Moreover, the paper includes further initiatives and recommendations to push AI researchers to curtail their energy use and environmental impact. For one, the authors take advantage of the already widespread use of leaderboards in the AI community. While existing leaderboards are largely targeted towards model accuracy, Henderson et al. instead put in place an energy efficiency leaderboard for deep reinforcement learning models. They assert that a leaderboard of this kind, that tracks performance in areas indicative of potential environmental impact, “can also help spread information about the most energy and climate-friendly combinations of hardware, software, and algorithms such that new work can be built on top of these systems instead of more energy-hungry configurations”.
The authors also suggest AI practitioners can take an immediate and significant step in lowering the carbon emissions of their work: run experiments on energy grids located in carbon-efficient cloud regions like Quebec, the least carbon-intensive cloud region. Especially when compared to very carbon-intensive cloud regions like Estonia, the difference in CO2eq emitted can be considerable: running an experiment in Estonia produces up to thirty times as much emissions as running the same experiment in Quebec. The important reduction in carbon emissions that follows from switching to energy-efficient cloud regions, according to Henderson et al., means there is no need to fully forego building compute-intensive AI as some believe.
In terms of systemic changes that accompany experiment-impact-tracker, the paper lists seven. The authors suggest the implementation of a “green default” for both software and hardware. This would make the default setting for researchers’ tools the most environmentally-friendly one. The authors also insist on weighing costs and benefits to using compute- and energy-hungry AI models. Small increases in accuracy, for instance, can come at a high environmental cost. They hope to see the AI community use efficient testing environments for their models, as well as standardized reporting of a model’s carbon impact with the help of experiment-impact-tracker.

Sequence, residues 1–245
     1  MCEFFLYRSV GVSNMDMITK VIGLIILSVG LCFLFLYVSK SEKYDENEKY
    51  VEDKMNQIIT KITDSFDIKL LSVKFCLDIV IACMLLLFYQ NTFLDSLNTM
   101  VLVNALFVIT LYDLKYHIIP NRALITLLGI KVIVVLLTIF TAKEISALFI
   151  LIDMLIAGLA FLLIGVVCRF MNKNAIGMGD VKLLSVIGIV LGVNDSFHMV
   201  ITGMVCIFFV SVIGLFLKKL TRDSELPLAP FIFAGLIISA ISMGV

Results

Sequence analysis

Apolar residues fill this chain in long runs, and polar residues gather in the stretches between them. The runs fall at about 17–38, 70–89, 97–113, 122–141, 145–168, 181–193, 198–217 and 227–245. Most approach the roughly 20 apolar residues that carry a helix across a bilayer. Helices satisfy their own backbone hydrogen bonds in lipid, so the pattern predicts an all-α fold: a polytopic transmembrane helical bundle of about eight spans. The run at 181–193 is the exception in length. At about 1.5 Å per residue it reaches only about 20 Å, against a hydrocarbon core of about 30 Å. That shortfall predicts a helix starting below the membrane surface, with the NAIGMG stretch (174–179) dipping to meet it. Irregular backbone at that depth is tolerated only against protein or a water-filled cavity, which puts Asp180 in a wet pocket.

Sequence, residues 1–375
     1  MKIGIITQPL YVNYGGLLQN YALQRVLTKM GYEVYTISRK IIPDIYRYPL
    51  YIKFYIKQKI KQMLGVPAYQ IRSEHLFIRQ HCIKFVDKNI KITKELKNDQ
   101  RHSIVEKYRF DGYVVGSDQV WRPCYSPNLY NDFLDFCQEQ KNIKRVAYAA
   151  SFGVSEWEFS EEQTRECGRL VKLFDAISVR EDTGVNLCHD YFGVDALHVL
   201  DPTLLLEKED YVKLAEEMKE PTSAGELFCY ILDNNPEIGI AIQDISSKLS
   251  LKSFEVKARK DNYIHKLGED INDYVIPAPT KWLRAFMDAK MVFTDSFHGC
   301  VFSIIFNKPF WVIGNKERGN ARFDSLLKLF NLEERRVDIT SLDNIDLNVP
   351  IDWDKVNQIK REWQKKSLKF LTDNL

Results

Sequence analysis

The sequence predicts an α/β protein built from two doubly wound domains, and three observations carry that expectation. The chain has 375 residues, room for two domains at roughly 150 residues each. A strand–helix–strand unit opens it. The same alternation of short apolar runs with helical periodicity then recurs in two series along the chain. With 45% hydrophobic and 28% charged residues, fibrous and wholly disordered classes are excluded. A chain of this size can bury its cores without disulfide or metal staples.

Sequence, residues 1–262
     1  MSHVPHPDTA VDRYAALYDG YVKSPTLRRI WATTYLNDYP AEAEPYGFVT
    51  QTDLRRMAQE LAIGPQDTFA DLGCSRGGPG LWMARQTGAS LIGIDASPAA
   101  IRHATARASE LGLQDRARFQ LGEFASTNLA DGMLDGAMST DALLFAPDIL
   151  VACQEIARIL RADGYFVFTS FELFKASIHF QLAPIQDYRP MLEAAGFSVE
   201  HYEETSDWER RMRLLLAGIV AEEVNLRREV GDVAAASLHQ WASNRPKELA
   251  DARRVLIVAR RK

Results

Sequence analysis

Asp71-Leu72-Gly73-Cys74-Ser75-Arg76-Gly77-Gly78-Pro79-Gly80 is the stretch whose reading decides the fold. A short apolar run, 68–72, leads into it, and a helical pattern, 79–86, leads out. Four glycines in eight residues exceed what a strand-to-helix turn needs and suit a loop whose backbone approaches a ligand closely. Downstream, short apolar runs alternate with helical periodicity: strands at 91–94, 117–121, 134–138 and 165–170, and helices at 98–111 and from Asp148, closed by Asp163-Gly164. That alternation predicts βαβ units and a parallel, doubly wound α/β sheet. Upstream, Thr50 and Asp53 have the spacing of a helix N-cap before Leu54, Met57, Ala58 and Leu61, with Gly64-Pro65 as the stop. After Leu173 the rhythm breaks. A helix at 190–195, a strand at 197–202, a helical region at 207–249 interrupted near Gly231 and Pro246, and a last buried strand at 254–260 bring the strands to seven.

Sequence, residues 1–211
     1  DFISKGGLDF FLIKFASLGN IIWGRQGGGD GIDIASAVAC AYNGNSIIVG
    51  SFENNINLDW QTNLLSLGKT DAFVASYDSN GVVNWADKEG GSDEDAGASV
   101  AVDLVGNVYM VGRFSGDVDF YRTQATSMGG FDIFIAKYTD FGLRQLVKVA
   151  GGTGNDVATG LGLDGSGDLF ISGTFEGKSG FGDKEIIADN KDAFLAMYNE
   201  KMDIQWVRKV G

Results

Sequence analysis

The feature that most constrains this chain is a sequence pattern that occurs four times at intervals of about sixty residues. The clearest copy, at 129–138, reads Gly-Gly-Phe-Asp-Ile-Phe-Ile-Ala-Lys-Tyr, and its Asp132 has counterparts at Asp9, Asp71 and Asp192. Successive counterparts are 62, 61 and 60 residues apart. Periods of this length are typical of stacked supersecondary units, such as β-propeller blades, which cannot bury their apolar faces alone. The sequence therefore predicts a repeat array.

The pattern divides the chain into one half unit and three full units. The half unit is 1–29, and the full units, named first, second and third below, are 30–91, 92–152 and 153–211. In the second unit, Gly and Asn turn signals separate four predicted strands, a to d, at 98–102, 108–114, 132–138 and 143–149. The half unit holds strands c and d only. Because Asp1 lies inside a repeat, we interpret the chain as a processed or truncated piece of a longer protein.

Additionally, the authors ask those developing AI models to be conscious of the environmental costs of reproducing their work, and act as to minimize unnecessary reproduction. While being able to reproduce other researchers’ work is crucial in maintaining sound scientific discourse, it is merely wasteful for two departments in the same business to build the same model from scratch. The paper also presents the possibility of developing a badge identifying AI research papers that show considerable effort in mitigating carbon impact when these papers are presented at conferences. Lastly, the authors highlight important lacunas in relation to driver support and implementation. Systems that would allow data on energy use to be collected are unavailable for certain hardware, or the data is difficult for users to obtain. Addressing these barriers would allow for more widespread collection of energy use data, and contribute to making carbon impact measurement more mainstream in the AI community.
Original paper by Henderson et al. (Henderson, P., Hu, J., Romoff, J., Brunskill, E., Jurafsky, D., & Pineau, J.): https://arxiv.org/pdf/2002.05651.pdf